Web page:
Project DescriptionMaryland’s WaterShed house was not a leader in affordability but nevertheless took top honors in the overall competition. The home’s internal liquid desiccant waterfalls, which were originally developed by Maryland’s 2007 team, received an upgrade this year. The waterfalls consist of a high-saline liquid solution that absorbs humidity from the air, reducing the load on the mini-split air conditioners, says Amy Gardner, associate professor at Maryland’s School of Architecture, Planning & Preservation. WaterShed features a green-roof system with 156 modular trays for growing sedum plants, and a 42-panel, 9.2-kilowatt PV array with individual microinverters. A Crestron Electronics control system processes data from 40 different sensors in the house, so that homeowners could monitor and control everything from lights to overall energy usage.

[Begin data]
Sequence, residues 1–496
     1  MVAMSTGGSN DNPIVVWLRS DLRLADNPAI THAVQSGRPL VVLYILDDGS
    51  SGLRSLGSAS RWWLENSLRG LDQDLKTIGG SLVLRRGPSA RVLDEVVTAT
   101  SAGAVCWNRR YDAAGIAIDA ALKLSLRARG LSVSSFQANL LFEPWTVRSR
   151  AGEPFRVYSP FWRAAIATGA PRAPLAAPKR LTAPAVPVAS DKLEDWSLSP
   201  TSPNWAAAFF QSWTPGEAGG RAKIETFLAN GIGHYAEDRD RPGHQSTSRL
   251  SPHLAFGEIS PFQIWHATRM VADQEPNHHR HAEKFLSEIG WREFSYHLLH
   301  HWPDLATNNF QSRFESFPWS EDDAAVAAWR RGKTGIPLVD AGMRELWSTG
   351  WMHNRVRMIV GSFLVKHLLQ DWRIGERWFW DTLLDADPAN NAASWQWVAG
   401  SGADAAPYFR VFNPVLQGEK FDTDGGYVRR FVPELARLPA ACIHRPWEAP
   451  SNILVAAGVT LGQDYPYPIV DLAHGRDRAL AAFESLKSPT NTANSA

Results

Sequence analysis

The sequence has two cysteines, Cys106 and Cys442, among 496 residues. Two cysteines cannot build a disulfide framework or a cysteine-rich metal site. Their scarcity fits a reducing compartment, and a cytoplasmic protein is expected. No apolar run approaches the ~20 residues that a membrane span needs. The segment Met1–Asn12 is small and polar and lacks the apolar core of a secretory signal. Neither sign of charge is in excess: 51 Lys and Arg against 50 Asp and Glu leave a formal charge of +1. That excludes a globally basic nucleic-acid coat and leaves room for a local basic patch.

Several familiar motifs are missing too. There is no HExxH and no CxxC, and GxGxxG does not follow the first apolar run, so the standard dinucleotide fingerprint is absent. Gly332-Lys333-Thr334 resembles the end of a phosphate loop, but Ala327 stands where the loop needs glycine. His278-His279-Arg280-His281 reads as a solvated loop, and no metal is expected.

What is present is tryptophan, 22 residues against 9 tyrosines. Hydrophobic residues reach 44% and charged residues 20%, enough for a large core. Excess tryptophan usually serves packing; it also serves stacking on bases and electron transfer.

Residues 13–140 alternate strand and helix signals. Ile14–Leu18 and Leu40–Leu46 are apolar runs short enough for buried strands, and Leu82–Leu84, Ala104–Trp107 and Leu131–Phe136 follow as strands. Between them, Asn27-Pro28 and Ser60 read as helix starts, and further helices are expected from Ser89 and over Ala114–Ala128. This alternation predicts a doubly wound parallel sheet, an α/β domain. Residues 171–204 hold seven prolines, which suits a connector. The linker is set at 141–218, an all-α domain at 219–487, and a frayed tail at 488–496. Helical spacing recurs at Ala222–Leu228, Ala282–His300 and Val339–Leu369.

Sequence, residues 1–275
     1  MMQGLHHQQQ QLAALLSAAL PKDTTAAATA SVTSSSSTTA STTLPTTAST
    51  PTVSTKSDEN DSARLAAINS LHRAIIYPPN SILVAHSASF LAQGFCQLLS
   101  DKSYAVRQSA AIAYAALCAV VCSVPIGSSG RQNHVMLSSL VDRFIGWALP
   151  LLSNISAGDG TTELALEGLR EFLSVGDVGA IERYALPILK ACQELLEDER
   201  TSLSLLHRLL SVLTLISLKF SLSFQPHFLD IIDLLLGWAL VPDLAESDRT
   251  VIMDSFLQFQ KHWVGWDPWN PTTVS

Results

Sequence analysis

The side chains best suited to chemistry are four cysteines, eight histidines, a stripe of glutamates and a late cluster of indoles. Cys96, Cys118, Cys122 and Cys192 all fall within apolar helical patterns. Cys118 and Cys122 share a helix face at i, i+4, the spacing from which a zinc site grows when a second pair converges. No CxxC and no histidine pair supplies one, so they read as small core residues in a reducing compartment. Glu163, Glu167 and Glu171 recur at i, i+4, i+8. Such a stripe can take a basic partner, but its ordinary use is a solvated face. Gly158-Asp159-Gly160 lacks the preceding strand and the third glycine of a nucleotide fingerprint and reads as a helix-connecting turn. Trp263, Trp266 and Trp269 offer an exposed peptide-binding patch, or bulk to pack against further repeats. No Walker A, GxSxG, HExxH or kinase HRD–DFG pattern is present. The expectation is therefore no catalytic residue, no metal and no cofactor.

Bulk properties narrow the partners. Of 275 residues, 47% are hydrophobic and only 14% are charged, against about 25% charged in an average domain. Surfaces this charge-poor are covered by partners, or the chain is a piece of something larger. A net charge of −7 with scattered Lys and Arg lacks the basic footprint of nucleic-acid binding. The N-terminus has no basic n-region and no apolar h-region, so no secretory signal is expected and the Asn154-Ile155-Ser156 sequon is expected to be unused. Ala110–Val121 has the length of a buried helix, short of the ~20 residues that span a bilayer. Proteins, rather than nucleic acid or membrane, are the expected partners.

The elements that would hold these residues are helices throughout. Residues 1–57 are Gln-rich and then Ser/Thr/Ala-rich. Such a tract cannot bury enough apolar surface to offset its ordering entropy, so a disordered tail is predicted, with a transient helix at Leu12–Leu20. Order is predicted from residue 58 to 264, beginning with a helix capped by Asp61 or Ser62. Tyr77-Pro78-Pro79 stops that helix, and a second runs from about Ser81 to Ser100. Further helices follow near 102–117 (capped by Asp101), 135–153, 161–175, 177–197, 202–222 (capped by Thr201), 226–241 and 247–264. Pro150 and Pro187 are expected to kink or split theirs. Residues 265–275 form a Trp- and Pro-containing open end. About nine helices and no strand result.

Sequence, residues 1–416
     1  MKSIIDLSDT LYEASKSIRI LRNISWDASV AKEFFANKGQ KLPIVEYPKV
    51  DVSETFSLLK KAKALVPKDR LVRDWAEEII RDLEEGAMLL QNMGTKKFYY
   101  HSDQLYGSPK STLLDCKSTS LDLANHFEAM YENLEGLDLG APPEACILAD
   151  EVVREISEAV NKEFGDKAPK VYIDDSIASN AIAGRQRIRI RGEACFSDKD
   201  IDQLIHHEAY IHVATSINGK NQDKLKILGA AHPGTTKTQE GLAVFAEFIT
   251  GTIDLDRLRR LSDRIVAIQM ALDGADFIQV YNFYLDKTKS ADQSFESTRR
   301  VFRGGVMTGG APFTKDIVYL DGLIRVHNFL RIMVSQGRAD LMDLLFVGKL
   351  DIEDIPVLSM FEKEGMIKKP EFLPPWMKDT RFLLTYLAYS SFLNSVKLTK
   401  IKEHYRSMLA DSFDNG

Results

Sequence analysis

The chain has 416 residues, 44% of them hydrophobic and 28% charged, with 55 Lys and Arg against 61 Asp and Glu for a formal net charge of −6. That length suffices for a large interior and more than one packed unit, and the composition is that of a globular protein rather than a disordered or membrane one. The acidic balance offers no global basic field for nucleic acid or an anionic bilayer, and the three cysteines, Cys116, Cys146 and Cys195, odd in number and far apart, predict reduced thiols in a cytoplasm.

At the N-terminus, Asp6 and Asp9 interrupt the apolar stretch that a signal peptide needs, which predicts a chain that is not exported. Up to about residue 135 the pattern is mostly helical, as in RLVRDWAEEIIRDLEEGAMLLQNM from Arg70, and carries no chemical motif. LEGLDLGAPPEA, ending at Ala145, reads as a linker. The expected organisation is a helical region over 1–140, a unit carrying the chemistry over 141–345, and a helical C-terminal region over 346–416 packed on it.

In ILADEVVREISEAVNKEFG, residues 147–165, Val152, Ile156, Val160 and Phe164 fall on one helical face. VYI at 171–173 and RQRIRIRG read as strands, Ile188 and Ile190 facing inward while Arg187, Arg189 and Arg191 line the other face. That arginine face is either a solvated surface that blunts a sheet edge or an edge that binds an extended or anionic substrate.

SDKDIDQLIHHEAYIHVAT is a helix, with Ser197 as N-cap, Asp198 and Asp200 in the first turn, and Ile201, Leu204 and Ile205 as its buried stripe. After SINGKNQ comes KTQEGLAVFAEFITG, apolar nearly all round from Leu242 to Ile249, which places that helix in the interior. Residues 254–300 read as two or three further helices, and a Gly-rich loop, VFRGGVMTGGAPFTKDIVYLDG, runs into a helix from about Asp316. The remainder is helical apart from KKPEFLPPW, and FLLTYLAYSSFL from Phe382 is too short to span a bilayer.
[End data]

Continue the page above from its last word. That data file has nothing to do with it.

Estimated cost: $336,335.89